mikenz66 wrote:Hi Phil,
Perhaps a little off topic, but I think Bhikkhu Bodhi's interpretations are quite tame compared to academics such as Gombrich and Gethin.
Besides, unlike some other influential monastic interpreters of Suttas, such as Ven Thanissaro, Ajahn Buddhadasa, and various students of Ajahn Chah, Bhikkhu Bodhi is careful to explain where his opinions differ from the standard Theravada interpretation.
I do know that many contemporary academic commentators (e.g. B. Allan Wallace, David Loy and Sallie B. King) are also Buddhist practitioners who are committed to tradition, even whilst they attempt to think about Buddhism critically.
zavk wrote:Academic commentators tend to take a more contextual approach to the study of Buddhist texts ...
Monastic commentators, on the hand, tend to be more committed towards tradition (as they should for they have a responsibility to further the agenda of the Sangha: maintain the Dhamma for future generations). ...
Second hand testimony and so on is all over the commentaries but there is plenty enough to work with in the Tipitika which is presented as the Buddha's direct and definitive teachings in the appropriate language and forms within the Dhamma and Vinaya teachings as a whole. If it is a questionable comment by someone else then it is questionable to the extent that a question matters in the overall context. Nothing of great or essential significance is missing from the Buddha's words where they are clearly recorded as such that need be added or subtracted in any subsequent comment that I can see. If I start on a process of removing his clearly spoken and the equally thoroughly well received and preserved discourses in an editorial way I don't think I can expect to walk away with much in the end. I can see how much there is to loose by doing so at all from my pov. I recognize that points of departure for divergent views are abundantly available to us at all times regardless of the other observation. I don't presume to occupy the high ground of the Buddha's outlook, only to use it and a employ a pali speaking outlook as my chosen beacon for truth within and without Theravada. I try to align my questioning outside Theravada discussions to the acceptable forms within the other traditions and try to learn proper forms of respectful understanding and speech. it is too much to take on all of it comprehensively in a beneficial way for my real and ongoing need.jcsuperstar wrote:i dont think anyone is saying the buddha lied, i think what may be being pointed at is there may be some things in the suttas the buddha didnt say...
I'm only pumped because it works for me. Sure, read, reflect, consider, I'm all for it. I'm a voracious reader. I had to learn to moderate a kind of compulsion to read over the years. I'll read anything I can on the Tipitaka and Theravada tradition from any source. Probably a few times if it is really interesting or helpful. The doctrine, imho, stands up to exhaustive ethical scrutiny. People's ethics (or is it at times 'aesthetics' that are noted?) rarely stand up to much scrutiny at all. As for texts and books. I know what I keep going back to again and again simply because I have been reading so much all of my life. I find the Buddha's spoken words, now text of course, unique, outstanding, superior. I have read way too much in my life. I was a kid that emptied libraries of reading material on a regular basis. I still read, with more moderation and now that I am middle aged I have made my way through a lot of literature in the english language. There is no comment on the Buddha or what is written about his words that really changes the fact that those thoughts, composed in that way, are uniquely brilliant and effective for me as instructions for life and achieving my highest aspirations. That is how I feel and what I think about it and I'm sure many other monastic writers have similar thoughts and feelings. They are on the whole very down to earth about things which is always a good idea. Academic writers do have many other legitimate concerns that monastics do not have and so they do have to address all of these things in a different way and a different kind of individuated perspectives comes to bear. It's all good from my POV. Information all informs me about something so it is only a matter of it's relative value.zavk wrote:Hi nathan,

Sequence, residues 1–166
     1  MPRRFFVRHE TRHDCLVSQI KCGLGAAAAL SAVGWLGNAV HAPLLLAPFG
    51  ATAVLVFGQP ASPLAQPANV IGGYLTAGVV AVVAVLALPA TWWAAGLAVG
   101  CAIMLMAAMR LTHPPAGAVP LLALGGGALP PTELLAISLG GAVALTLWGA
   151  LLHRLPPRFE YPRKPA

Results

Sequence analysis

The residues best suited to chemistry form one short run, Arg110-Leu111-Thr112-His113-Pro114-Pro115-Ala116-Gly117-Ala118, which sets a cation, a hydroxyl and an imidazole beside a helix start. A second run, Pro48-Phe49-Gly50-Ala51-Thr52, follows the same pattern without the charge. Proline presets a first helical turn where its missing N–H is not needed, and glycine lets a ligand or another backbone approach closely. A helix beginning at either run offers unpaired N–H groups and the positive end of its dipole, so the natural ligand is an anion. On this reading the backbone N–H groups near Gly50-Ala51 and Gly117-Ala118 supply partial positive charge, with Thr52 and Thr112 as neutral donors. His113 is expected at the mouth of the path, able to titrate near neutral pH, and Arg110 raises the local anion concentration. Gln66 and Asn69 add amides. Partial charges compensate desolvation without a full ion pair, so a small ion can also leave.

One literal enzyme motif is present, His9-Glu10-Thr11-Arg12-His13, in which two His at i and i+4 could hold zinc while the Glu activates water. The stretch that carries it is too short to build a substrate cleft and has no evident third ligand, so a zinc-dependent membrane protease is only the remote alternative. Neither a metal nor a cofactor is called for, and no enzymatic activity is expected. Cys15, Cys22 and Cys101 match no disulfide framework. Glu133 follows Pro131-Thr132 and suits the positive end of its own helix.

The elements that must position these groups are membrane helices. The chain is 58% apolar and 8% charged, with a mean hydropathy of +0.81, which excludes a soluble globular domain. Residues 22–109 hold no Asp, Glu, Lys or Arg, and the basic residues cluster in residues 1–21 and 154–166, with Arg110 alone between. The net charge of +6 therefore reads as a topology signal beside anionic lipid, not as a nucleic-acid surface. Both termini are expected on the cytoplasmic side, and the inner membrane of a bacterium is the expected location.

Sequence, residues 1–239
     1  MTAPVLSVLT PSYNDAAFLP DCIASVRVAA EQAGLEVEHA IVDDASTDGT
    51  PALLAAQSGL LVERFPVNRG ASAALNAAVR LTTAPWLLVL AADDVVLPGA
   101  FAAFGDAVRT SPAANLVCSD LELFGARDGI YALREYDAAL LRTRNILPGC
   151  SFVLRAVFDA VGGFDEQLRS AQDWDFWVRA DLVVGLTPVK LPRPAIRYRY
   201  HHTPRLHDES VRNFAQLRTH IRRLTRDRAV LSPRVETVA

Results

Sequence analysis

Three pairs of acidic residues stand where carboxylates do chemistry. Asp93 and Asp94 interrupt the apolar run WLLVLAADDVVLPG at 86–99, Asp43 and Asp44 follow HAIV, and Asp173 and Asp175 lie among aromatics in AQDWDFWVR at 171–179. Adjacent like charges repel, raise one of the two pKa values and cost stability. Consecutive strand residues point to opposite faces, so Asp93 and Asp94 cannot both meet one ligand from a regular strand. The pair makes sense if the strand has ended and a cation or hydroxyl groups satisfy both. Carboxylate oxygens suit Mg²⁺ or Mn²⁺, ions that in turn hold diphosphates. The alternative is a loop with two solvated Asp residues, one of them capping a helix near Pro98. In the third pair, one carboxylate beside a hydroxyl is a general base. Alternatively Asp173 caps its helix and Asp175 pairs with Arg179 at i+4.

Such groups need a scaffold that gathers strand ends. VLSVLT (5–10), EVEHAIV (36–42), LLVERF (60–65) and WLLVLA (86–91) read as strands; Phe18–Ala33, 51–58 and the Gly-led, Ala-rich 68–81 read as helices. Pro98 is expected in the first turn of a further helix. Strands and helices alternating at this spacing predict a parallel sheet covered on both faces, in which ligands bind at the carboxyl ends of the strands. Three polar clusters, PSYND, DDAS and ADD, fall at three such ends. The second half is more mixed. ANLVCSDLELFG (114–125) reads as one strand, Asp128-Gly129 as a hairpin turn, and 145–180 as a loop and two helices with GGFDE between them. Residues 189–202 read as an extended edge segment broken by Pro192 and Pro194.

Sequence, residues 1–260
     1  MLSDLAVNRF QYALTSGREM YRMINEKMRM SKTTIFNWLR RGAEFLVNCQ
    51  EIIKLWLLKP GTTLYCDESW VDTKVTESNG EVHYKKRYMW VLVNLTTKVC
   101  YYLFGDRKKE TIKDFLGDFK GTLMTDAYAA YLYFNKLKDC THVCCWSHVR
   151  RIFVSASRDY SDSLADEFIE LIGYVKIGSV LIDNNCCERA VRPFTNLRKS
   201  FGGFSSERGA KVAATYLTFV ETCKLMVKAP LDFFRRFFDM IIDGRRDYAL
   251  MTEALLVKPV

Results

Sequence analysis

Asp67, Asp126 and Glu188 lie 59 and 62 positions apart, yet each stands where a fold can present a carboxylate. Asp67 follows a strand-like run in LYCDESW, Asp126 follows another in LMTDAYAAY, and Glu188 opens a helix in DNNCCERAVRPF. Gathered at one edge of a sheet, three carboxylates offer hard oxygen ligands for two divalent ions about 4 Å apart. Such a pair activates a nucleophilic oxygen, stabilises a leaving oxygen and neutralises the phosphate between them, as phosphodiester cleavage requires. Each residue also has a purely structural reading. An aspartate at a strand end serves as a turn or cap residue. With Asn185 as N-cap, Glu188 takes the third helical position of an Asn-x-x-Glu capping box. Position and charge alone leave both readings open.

Your commitment to tradition is admirable and most inspiring. I aspire to have the level of faith you have--as appropriate to the context of my own experience of course.
In my opinion, critical readings of Buddhist doctrine and practice has a certain ethical function. I don't see such work as aiming to debunk or disprove Buddhism. Rather, I see them as a means to better illuminate the conditionality of the teachings, to better demonstrate how the teachings arose, and will continue to develop, co-dependently in and out of various contexts. This guards against the misuse of doctrine for authoritarian purposes (note: this doesn't amount to a disregard for 'authority' but is more precisely, a critique of 'authoritarianism'). As I see it, an investigation of conditionality that is rooted in ethical concerns is in line with core Buddhist ideals. And in turn, it is the indispensable component of ethics that guards against or prevents such inquiries from sliding into indiscriminate relativism.